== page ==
Psychological factors are believed to play a role in the pathogenesis of alopecia areata (AA), a frequently encountered hair disorder. In our study, statistically significant elevation of psychological stress was felt by AA patients prior hair loss compared with control, which was strongly believed contributory to hair loss (t-test, P < 0.01). The corticotropin-releasing hormone (CRH) and proopiomelanocortin (POMC) mRNA have been identified in the basal layer of the epidermis and pilosebaceous units of the normal scalp. And with the recent discovery of melanocytes and dermal fibroblasts capable of corticosterone production, the presence of a local stress response system resembling the hypothalamic-pituitary-adrenal (HPA) axis has been suggested. The local stress response system is involved in regulation of the normal hair cycle, but its precise role in AA is unknown. The influence of a local HPA axis or rather, CRH-POMC axis in AA was investigated by analysing immunohistochemically the expression levels of CRH and POMC peptides, including the adrenocorticotropic hormone (ACTH) and alpha-melanocyte-stimulating hormone (alpha-MSH), in a number of AA lesions and normal scalp (as control). The epidermis and pilosebaceous units of normal scalp stained weakly with CRH, ACTH and alpha-MSH, whereas those from the affected sites of the AA group showed intense expression of the peptides (chi-square test, P < 0.01). The meaning of this enhanced expression and their role in the pathogenesis of AA should be further evaluated in future.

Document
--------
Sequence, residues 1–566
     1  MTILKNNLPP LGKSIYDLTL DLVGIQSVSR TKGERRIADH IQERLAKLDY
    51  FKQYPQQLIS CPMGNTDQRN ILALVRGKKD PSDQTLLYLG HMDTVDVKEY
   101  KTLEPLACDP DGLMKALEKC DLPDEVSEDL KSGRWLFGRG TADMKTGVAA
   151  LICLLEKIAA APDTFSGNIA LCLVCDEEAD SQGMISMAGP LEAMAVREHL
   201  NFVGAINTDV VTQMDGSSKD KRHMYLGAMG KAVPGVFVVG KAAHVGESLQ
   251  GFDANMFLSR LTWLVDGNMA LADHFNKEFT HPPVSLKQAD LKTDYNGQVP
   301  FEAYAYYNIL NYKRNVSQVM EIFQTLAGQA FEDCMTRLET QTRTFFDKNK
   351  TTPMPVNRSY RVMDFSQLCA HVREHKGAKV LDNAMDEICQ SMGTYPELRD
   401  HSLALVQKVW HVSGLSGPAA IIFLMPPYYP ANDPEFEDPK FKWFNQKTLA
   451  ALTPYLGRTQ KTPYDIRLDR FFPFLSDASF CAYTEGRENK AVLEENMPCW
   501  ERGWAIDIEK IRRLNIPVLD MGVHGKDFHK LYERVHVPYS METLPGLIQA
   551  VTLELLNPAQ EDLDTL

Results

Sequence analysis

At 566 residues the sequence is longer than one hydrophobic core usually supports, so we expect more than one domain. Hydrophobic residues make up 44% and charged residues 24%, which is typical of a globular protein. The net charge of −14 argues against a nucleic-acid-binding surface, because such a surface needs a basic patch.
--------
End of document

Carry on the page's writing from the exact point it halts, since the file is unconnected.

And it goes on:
- Adrenocorticotropic hormone
- Alopecia areata
- Corticotropin-releasing Hormone
- α-melanocyte-stimulating hormone
ASJC Scopus subject areas
- Molecular Biology